There are many physiological responses that take place in the body during as we start running. Warming up properly, enables many of these Reponses to take place while the body is still in its aerobic zone. This results in a lower sustained heart rate once we are in the anaerobic zone. More importantly and to the point, warming up slowly places significantly less stress/strain on the heart.  After a couple years running exclusively with  a heart rate monitor, I learned that my heart rate runs 10-15 bpm faster during cold weather (like the weather at freeze your gizzard blizzard 10K). I have also learned through trial and error, that skipping the warm up for a 5k or a 10k, even during warm weather, significantly lowers my finish times while producing a higher average heart rate and a slower recovery. Cold weather significantly exasperates these issues since my heart isn’t pumping at full capacity.

Warming up before a race can be difficult during a northern Minnesota winter. Standing in the corral at the start line can be a chilling experience when your dressed in light running attire and the temperature is below freezing with snow on the ground. For me, to even think of a new 10K personal record, I need to run the first mile only a few seconds slower than the last mile. This  means that I must start the race at a pace that places me well into my anaerobic zone right from the start.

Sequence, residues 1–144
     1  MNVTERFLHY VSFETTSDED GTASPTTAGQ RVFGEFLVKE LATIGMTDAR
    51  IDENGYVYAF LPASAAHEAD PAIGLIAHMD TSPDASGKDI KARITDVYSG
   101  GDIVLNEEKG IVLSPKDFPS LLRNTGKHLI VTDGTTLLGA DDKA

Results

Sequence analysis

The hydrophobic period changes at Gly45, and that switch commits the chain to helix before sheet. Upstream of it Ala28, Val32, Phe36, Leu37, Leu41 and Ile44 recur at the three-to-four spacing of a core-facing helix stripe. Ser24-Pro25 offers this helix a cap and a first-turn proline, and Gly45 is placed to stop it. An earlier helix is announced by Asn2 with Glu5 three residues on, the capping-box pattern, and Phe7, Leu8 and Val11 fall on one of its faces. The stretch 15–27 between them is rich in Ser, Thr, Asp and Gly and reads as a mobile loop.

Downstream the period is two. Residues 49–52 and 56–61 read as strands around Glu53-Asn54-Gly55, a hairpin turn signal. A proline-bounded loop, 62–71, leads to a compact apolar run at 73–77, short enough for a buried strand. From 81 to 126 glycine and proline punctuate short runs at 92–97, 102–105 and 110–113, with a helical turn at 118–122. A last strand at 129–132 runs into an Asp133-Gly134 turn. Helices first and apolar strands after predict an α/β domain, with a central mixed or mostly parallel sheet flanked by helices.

So after laying awake in bed thinking about all this stuff for half the night before the “Freeze Your Gizzard Blizzard 10K” I decided to skip the racing altogether and to just run for fun with my wife who races at a pace that’s 3-4 minutes per mile slower then mine. Although I did miss feeling that adrenaline kick, I had a blast. Running slower allowed me to relax and just have fun while taking it all in. I plan on running more races just for fun in the future. No pressure, no stress, just an enjoyable time running with my wife and hundreds of other people. It really was a great time. The City of International Falls did an awesome job of hosting this race and I was really surprised at how well everything was set up. Lots of small town charm and that friendly charm I would expect from a small town in the border country of Minnesota.